The Court of Justice of the European Union (ECJ) has declared that trade and liberalization deals signed between the EU and the Kingdom of Morocco were wrongly killed by an earlier decision by the lower General Court and ruled that the Liberalization Agreement was valid. In its press statement, the ECJ also noted that “the Front Polisario is not concerned by the decision of the Council to conclude that agreement. The Court therefore rejects the Front Polisario’s action on the ground of lack of standing.” Morocco’s Foreign Ministry welcomed the overriding of the earlier ruling, stressing that the ECJ had not called into question the “legality and legitimacy of Morocco’s international deals” covering the so-called Moroccan Sahara region.
The court ruling appeared to sidestep a related diplomatic standoff with Morocco that suspended links with Brussels earlier this year after the General Court annulled the Association and Liberalization Agreements in 2015 based on a case filed in 2012 by the Polisario Front that challenged the status of two trade deals between Morocco and the EU. Following the General Court’s decision, the Council, which brings together the EU Member States, appealed against the court’s decision to cancel the deals that have been widely hailed as a way to improve ties with the strategically important North African country. Bilateral trade between the EU and Morocco is worth €37bn a year and 63 percent of Moroccan exports go to the EU. Fisheries are a major part of the mutual trade as Morocco sells fishing rights in its Atlantic waters to EU boats.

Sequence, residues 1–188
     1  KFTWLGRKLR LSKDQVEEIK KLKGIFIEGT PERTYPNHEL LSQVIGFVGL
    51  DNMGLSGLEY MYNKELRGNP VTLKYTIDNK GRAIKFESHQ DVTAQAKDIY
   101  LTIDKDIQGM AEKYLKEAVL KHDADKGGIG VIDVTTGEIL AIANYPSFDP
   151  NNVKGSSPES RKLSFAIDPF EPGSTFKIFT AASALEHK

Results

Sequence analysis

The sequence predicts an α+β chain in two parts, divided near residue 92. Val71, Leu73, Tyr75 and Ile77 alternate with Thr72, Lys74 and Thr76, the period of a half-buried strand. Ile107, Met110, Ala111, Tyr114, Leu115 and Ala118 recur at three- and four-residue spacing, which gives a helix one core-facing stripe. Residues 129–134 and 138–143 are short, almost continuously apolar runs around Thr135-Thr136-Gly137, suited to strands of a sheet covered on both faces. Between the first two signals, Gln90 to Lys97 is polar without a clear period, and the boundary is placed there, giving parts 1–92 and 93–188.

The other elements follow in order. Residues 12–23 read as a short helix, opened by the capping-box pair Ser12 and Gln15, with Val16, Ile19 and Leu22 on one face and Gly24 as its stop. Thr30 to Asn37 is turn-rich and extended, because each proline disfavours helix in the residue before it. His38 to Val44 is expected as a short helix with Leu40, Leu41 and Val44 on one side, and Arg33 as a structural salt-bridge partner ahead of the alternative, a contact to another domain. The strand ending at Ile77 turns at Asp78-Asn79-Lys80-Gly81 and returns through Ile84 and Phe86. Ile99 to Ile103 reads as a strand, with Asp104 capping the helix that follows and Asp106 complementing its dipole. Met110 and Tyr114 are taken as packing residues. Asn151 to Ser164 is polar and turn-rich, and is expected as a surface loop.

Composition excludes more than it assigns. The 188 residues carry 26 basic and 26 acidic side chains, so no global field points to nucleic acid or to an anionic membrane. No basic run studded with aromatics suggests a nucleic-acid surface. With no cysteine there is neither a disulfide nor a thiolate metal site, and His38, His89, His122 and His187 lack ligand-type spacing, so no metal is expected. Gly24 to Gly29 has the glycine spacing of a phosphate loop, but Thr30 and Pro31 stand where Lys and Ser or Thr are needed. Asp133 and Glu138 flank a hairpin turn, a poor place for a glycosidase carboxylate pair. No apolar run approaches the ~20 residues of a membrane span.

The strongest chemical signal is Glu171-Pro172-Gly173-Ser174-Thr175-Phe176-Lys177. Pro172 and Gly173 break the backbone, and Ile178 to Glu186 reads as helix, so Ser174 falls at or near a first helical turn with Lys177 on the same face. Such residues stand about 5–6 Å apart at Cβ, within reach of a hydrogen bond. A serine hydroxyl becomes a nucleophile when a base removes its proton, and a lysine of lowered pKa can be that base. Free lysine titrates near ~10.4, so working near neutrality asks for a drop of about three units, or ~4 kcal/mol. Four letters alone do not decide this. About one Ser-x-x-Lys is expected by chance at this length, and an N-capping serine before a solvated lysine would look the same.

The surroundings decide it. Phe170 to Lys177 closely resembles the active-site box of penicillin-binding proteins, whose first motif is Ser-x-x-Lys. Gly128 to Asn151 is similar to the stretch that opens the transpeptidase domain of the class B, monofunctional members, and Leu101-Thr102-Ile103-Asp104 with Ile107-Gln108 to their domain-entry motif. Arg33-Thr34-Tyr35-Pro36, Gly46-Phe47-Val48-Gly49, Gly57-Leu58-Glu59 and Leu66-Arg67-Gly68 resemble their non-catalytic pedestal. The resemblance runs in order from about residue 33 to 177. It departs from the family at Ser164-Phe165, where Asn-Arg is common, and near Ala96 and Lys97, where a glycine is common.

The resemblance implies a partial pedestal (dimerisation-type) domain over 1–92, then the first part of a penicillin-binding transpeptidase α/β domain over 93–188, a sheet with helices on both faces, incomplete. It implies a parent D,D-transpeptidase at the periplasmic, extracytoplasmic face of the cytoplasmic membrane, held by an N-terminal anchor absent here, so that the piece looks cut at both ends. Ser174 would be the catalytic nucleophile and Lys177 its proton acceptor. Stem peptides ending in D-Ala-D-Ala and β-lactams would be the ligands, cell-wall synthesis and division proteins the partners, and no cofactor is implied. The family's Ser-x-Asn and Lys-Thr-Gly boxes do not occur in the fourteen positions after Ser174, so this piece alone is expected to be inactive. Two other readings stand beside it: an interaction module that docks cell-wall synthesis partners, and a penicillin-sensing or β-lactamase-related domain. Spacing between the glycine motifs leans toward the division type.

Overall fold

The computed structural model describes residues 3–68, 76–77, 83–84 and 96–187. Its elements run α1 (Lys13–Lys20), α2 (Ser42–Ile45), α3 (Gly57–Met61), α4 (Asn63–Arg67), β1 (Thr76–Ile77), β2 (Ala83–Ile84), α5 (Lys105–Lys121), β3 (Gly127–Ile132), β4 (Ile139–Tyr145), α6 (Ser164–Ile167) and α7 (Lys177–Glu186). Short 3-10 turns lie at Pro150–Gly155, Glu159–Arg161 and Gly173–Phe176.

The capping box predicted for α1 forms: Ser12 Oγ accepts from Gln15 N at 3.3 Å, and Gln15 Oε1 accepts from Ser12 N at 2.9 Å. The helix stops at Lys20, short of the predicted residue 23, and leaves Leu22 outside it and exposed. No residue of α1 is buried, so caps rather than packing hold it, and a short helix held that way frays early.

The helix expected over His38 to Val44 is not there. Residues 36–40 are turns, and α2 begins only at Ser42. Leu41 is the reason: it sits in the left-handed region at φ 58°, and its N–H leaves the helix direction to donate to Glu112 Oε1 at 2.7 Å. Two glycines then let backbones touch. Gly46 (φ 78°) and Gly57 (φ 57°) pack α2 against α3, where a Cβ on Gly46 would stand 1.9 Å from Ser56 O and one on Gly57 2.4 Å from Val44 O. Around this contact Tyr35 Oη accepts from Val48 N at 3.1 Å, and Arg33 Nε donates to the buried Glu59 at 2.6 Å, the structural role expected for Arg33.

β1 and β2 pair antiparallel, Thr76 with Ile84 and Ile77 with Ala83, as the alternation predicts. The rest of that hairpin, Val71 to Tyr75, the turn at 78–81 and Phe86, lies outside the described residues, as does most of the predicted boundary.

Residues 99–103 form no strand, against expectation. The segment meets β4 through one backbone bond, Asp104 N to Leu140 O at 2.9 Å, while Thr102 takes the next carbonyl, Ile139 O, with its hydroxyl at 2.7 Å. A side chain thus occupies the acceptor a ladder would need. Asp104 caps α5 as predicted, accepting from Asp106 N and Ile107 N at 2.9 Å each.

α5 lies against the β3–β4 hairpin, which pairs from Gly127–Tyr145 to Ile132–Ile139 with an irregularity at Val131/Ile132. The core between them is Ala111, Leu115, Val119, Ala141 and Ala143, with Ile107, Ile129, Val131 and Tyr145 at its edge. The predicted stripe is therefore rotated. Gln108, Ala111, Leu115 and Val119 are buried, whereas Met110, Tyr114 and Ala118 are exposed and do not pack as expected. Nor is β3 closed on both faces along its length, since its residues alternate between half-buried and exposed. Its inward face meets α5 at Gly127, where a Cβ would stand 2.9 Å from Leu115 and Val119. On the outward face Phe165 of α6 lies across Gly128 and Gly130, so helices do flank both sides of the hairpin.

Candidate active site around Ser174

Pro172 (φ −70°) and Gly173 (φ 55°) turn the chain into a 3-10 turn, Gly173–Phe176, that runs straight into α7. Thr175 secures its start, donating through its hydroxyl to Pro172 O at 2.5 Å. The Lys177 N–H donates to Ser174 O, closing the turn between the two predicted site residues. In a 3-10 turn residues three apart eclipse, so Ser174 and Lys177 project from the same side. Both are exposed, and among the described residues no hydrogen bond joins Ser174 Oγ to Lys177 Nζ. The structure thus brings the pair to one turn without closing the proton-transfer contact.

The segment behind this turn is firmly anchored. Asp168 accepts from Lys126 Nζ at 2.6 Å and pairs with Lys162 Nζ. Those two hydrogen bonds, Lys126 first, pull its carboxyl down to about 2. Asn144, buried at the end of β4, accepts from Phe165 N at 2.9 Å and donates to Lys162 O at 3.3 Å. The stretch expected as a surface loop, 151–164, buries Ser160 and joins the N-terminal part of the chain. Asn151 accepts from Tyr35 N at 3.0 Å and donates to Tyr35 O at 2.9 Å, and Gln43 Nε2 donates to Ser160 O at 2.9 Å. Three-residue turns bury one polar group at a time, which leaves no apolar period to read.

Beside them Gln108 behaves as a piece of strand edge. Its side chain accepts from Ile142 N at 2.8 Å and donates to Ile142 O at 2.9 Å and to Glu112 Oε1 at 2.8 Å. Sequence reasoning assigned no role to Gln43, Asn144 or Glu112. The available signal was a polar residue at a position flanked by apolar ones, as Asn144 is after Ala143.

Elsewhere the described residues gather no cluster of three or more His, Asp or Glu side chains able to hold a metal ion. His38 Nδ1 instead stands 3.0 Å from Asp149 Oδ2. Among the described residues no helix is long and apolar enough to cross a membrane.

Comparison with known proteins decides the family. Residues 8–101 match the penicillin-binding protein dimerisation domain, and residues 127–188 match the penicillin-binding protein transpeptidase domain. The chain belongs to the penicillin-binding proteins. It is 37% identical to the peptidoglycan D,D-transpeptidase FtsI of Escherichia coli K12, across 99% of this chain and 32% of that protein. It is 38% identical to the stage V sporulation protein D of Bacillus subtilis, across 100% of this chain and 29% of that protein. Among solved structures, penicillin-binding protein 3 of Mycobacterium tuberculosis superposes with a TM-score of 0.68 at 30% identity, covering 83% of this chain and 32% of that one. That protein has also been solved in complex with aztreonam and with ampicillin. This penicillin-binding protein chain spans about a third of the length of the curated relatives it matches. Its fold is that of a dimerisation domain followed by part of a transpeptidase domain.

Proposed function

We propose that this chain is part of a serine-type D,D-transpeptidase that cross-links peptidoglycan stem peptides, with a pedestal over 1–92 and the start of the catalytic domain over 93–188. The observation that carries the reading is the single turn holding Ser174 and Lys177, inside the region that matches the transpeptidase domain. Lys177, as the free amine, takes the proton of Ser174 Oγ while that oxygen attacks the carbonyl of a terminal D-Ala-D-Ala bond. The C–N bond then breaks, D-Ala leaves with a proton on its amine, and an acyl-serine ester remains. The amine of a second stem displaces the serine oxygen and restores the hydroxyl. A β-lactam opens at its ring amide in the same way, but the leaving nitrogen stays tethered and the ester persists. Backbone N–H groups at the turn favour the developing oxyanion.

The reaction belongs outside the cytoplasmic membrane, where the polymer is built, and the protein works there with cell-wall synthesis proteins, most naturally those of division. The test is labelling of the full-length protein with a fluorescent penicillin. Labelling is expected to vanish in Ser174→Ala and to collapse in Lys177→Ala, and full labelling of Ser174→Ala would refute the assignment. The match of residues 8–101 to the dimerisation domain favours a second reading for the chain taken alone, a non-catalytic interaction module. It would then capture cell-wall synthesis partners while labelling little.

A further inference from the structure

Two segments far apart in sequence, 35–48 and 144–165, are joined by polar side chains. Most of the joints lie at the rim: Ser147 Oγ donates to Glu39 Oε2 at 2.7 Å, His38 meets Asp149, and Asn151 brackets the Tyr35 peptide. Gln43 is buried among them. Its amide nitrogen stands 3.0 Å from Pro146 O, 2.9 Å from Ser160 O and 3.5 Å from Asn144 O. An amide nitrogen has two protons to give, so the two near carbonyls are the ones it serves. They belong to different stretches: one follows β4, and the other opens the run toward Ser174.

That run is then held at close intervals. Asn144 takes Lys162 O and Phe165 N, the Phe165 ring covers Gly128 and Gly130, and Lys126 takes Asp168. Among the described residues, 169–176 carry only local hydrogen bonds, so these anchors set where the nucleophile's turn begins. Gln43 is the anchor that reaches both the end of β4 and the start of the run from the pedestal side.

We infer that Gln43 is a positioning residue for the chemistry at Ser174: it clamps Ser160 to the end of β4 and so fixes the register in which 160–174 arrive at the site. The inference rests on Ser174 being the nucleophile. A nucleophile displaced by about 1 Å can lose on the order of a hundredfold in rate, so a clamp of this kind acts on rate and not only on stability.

The latest ruling did not, however, come as a complete surprise since already in mid September, the ECJ’s Chief Advocate General Melchior Wathelet published an opinion piece in which he argued that the Polisario Front is not a legitimate organization for contesting the Morocco-EU trade agreements and called for the suspension verdict to be overturned – thus effectively paving the way for restoring EU and Morocco ties. Mr. Wathelet also questioned the validity of the group’s right to plea at the ECJ on the grounds that the it is not recognized by the international community as a representative of the commercial interests of the population inhabiting the Western Sahara region, although it is considered as a party in the political process to find a solution to the conflict over the disputed territory. Though not formally binding, opinions and recommendations issued by the ECJ’s advocate generals are followed in 80 percent of the cases by the court.